Good News?

As the man said, "I've got some good news and I've got some bad news. What do you want to hear first?" It was replied, "Tell me the good news first". The good news is that they are going to make some changes in the mutual fund industry reporting to help the investor and the bad news is it isn't going to make any difference in your bottom line.

It seems that us small investors are getting the usual window dressing to make it seem that we are getting a good deal, but when you go in the store to try on the merchandise it still doesn't fit any better.

Here is what the Securities and Exchange Commission passed as a new regulation for registered mutual funds. Instead of 50% of the Board of Directors being from outside the company they now must select 75% from outside the company. Can anyone tell me what difference that is going to make? The guys who own the fund will pick people who are friendly to their goals. Will they care any more for the investors than they do now? Window dressing.

One new regulation I do agree should help a little (but very little) is the requirement to provide more information to shareholders about their contracts with investment advisors and how they are approved. Big deal. The mutual fund industry said this will raise their costs. How? They have the information. All they have to do is add it to their prospectus. Also remember that the prospectus was written for the Dilbert lawyers at the SEC to meet the regulations and not to give you understandable information.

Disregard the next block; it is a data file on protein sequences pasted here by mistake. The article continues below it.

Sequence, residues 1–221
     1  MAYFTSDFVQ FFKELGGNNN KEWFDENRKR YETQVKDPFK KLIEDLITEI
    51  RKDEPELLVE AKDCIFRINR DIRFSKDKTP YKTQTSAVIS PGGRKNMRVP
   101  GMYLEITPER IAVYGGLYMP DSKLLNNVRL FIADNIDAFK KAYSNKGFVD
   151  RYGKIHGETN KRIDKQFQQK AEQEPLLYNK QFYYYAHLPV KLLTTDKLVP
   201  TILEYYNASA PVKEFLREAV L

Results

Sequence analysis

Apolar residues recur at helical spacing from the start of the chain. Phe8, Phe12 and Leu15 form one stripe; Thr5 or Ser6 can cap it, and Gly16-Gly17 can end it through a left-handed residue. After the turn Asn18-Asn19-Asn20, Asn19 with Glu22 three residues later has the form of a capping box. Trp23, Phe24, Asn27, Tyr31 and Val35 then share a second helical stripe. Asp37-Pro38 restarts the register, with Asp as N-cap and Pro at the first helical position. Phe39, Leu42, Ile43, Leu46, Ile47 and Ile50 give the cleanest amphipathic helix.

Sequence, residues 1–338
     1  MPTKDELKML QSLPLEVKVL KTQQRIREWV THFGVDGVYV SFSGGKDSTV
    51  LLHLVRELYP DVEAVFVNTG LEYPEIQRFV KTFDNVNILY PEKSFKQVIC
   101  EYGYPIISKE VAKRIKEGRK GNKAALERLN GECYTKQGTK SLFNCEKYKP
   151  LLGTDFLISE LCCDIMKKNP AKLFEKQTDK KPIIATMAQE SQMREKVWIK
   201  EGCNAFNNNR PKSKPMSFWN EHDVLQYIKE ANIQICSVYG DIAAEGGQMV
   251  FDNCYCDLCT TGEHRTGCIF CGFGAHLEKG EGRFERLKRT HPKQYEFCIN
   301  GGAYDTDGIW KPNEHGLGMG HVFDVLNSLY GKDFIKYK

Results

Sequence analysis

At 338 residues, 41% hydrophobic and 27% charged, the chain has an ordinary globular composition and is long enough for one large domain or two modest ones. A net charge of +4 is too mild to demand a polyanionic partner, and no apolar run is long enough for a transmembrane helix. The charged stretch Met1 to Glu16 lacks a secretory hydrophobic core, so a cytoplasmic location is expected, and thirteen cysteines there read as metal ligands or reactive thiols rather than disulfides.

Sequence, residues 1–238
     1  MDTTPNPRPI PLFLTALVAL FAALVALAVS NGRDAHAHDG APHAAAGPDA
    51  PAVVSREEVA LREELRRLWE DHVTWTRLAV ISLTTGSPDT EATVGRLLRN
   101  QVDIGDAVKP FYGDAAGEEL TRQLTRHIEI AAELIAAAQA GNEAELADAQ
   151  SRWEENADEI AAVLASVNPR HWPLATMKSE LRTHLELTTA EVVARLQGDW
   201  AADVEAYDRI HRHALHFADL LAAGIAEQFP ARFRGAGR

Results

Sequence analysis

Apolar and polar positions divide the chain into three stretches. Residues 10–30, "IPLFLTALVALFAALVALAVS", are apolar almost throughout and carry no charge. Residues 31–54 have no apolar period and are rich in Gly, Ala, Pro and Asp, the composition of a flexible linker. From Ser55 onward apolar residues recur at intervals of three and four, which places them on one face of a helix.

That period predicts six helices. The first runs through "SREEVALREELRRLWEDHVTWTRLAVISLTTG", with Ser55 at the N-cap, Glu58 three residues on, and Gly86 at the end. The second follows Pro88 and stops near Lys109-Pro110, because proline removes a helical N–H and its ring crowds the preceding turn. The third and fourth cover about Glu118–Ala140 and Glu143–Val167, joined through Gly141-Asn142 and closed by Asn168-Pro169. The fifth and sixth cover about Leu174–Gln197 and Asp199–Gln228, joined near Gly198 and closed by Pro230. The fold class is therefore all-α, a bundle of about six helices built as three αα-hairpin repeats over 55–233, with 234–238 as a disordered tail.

Do you remember what happened to your funds from 2000 to 2003? Most investors lost from 40% to 60% of their money. Let's hope they don't hire back those same analysts again, but they probably will. Just their contracts will be different. It is doubtful their results will change.

Furthermore these new fantastic, wonderful rules (sic) will not go into effect for 18 months. I guess as one of the 95 million mutual fund owners I will have to wait, but I'm not going to hold my breath.

What I did not hear from the SEC was that mutual fund managers should be paid on performance of how well they do with your money. Now they get paid by how much money they have or can get and keep in the fund. Sounds backwards to me. See if you can get your broker to refund all commissions if your fund does not make money. Don't hold your breath on this one either.

Eighteen months from now investors are going to feel a lot better when all that good news goes into effect. Yeah.

Al Thomas' book, "If It Doesn't Go Up, Don't Buy It!" has helped thousands of people make money and keep their profits with his simple 2-step method. Read the first chapter at http://www.mutualfundmagic.com and discover why he's the man that Wall Street does not want you to know.

Copyright 2005

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